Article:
current soft start
The first method is current soft start. Most regulators have a current limit; current soft-start is ramping or stepping to that current limit. Since the output capacitor charge is much less than the maximum load current, soft-start causes the output voltage to rise slowly. The advantage of current soft-start is that the regulator input current rises steadily and does not pass load-start transient currents to the input.
When the load is enabled, you may notice a point where the output voltage slope suddenly changes direction. This is because the load circuit turns on and tries to start operation with the regulator in current limit. If the load current exceeds the soft-start current, the load itself will enter an undervoltage state, causing a reset. This cycle continues as the load current is turned on and off. Finally, the soft-start current reaches a high enough level to support the load power supply, release the reset, and the load circuit wakes up normally.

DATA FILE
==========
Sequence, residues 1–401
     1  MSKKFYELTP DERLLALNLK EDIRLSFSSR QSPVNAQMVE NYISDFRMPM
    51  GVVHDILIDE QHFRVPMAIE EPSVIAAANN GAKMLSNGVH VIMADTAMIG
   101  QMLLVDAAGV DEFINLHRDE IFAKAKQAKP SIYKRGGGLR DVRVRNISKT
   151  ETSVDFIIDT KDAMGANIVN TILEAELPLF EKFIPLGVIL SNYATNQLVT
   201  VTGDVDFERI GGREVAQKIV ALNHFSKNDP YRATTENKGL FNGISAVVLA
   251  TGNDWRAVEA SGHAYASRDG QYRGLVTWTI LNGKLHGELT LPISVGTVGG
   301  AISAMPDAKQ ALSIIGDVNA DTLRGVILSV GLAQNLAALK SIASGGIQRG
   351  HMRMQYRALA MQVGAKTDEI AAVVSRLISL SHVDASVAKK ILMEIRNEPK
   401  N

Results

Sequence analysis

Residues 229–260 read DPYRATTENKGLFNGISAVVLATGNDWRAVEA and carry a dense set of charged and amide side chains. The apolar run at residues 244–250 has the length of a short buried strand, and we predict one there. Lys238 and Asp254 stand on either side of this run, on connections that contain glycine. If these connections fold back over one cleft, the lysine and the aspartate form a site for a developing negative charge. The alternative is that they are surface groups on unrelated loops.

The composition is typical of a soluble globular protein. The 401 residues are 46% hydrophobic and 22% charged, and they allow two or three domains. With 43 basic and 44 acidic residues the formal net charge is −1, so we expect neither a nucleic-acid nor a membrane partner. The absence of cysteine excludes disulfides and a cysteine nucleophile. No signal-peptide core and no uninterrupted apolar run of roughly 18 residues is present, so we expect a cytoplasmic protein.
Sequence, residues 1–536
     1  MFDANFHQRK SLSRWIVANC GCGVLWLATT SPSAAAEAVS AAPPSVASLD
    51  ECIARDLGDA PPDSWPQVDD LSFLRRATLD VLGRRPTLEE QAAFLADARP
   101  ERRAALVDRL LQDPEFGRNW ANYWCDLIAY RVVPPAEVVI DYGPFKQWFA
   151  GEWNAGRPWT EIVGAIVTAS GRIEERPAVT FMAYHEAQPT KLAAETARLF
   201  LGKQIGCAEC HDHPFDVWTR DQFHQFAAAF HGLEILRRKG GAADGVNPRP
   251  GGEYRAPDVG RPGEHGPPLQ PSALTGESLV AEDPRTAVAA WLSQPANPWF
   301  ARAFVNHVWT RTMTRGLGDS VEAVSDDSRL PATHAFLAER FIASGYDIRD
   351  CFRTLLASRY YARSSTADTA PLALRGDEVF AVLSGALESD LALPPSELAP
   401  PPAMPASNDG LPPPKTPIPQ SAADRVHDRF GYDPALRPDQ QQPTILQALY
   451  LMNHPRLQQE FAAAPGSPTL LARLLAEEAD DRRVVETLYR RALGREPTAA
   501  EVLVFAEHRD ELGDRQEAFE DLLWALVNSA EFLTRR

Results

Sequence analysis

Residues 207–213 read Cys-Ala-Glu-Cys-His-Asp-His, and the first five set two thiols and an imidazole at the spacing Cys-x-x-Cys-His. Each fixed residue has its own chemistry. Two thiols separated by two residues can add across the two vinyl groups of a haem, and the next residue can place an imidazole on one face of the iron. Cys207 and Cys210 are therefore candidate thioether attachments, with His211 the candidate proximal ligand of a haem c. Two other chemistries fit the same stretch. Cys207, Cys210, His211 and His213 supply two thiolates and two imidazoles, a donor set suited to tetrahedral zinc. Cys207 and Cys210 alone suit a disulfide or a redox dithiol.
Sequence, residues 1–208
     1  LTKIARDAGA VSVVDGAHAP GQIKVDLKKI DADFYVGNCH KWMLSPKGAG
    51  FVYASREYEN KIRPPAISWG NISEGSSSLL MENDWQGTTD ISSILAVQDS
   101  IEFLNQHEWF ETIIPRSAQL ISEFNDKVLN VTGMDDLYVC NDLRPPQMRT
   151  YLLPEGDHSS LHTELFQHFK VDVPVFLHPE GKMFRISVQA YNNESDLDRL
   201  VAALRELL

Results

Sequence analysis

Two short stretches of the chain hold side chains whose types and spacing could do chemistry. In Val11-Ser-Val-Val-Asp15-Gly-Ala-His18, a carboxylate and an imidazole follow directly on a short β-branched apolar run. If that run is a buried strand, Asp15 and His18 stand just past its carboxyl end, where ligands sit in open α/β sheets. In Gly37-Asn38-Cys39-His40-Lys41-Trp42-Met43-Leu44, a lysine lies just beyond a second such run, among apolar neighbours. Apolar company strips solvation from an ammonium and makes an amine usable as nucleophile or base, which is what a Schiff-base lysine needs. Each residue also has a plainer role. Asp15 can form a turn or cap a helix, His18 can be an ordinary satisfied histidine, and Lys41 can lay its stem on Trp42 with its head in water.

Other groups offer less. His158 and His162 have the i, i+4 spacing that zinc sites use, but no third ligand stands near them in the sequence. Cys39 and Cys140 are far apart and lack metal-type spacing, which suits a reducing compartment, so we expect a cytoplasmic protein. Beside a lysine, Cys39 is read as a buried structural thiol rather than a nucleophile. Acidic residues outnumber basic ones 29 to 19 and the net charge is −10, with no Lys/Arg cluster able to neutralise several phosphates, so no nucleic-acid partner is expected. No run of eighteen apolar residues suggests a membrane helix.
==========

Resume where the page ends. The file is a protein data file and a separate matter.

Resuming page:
Voltage soft start
The second type of soft-start is to ramp up the output voltage. Ramping the output voltage produces a monotonic change in the output voltage without any voltage transients when the downstream circuit turns on. This also prevents the load from entering the reset state multiple times because the output voltage crosses the load undervoltage threshold only once.
The inrush current during voltage soft-start depends on the output voltage and the slope of the output voltage change, plus the current drawn by the load. Typically, the output voltage slope is set so that the inrush current is approximately 1% to 10% of the maximum rated output current (using the recommended minimum output capacitor). Setting the inrush current to less than 10% of the maximum load current provides headroom for the current required by the load and any additional output capacitance. The disadvantage is that the input current is related to the load change and cannot be directly controlled; the advantage is that it can avoid multiple resets of the system.